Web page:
Cult Worship among the mob, the cattle, nothing new in nature. Simple minded, spineless sheep must follow blindly to get by.
Posted at 07:48 AM ET, 05/29/2012
Time for Democrats to decide: Is Obama an idol or a president?
By Ed Rogers
The left has a decision to make: Is it going to try to
repackage the starry-eyed romance and dreamy magic of Barack Obama from
four years ago or build a rationale for his reelection based on lessons
learned and a plausible critique of the president's performance in
office. Perhaps it will need to acknowledge that the idolization of
Obama was a one-time phenomena and that voters, desperate for some
results, will be impatient with proselytizing from the Obama camp.
A good test is approaching. Next Monday, June 4, will be the
four-year anniversary of the speech candidate Obama gave celebrating his
delegate count, which would make him the certain Democrat nominee. He
took the occasion to state what he thought his presidency foretold. Of
his own nomination victory, Obama said, "This was the moment when the
rise of the oceans began to slow and our planet began to heal; this was
the moment when we ended a war and secured our nation and restored our
image as the last, best hope on Earth." He let others really lay it on
thick. You would think the retrospective absurdity of this quote would
make liberals a little cautious, if not embarrassed, and cause them to
rethink how they enabled Obama. We will see how this is hidden or
celebrated in the next few days.
Frank Bruni, writing in the New York Times, suggests
the left is going to double-down on the theme of Obama as the chosen
one and his followers as enlightened. Bruni appears to be willing to
strain even harder for Obama in 2012 by neglecting to find anything
particularly admirable about Mitt Romney while completely refreshing the
Obama myth. He never hints that the reality of electing a president who
was a little-accomplished state senator, unknown community organizer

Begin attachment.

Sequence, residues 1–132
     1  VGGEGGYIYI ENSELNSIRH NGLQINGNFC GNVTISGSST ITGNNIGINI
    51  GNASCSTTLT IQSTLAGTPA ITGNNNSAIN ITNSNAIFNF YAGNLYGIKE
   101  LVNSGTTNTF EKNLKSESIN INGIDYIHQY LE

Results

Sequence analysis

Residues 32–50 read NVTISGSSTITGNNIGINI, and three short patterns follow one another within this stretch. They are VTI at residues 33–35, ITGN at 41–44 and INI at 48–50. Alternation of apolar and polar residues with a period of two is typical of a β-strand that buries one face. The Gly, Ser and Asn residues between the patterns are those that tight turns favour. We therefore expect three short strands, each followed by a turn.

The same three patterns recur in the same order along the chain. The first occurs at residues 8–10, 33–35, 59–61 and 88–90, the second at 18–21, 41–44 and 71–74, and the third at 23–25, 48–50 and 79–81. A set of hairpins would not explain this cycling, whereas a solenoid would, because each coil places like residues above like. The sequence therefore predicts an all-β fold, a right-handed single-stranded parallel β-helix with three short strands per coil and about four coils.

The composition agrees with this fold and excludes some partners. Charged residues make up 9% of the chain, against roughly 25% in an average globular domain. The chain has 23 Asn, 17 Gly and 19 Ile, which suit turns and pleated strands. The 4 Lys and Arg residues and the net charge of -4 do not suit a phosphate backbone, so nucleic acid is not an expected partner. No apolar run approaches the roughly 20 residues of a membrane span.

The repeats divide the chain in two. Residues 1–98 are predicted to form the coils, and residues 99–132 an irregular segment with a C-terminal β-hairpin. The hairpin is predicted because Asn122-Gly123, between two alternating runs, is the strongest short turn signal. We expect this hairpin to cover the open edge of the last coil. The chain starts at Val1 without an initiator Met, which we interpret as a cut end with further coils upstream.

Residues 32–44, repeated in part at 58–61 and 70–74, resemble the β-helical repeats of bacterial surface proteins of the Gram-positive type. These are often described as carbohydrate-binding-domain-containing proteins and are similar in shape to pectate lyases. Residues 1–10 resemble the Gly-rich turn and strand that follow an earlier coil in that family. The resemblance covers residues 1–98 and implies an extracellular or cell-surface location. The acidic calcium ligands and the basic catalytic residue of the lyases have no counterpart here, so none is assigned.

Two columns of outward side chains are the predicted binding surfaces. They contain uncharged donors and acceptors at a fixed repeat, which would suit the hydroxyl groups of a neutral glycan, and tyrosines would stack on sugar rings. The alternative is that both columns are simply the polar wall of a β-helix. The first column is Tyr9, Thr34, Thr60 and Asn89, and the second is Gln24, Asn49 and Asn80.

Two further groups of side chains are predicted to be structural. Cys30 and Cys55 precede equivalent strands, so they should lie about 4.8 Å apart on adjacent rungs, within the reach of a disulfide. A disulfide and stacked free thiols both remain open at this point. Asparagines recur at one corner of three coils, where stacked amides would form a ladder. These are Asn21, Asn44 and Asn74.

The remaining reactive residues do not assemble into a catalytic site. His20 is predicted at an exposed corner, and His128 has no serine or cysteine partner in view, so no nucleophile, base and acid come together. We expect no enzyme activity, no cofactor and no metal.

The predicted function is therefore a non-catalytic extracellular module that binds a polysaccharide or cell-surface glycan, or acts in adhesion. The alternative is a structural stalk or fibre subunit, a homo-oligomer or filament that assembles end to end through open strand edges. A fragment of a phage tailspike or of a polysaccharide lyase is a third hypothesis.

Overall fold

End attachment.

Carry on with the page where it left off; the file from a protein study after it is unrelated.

and high school stoner has produced some disappointments and required
plenty of on-the-job training. You have to read it to get the full dose,
but among other things, Bruni says of Obama, "He still personifies the
hope that we might evolve into the colorblind, fair-minded country that
many of us want. His own saga taps into the larger story of this
country's fitful unfinished progress toward its stated ideal of equal
Like other liberals, Bruni credits Obama's charmed life so far as
being "his journey." Conversely, he is not only condescending to Mitt
Romney but finds fault with him, saying, "He hasn't succeeded in
rummaging through his biography for the sorts of broadly inspirational
chapters that can help a candidate bond with voters." He states that
Romney, like Bush, is "another child of privilege and political scion."
Bruni goes on to say that Romney "seems congenitally closed-off and
palpably awkward about transforming the personal into the political."
As if "rummaging through his biography" and "transforming the personal
into the political" is what makes a good candidate and leader. Bruni and
the Obama disciples can't see — or they just choose to ignore — any
understated grace or humility in Romney. They can't appreciate the
example of his exemplary family and his earnest desire to repay part of
what he has earned through hard work and good fortune by entering public
service. Romney is not good at boasting and the left would hammer him
if he tried.
Many on the left have lost any insight into their own bias; nothing
Obama says is over the top, and nothing he has done lacks significance
or inspiration. Likewise, nothing Romney says or has done amounts to
much. By forcing a halo upon Obama, suggesting dark hearts among any who
don't see it and follow, and ignoring the virtues of a decent man like
Romney, does not serve the president well. It stirs resentment among
voters who chafe at being told to love him or else.
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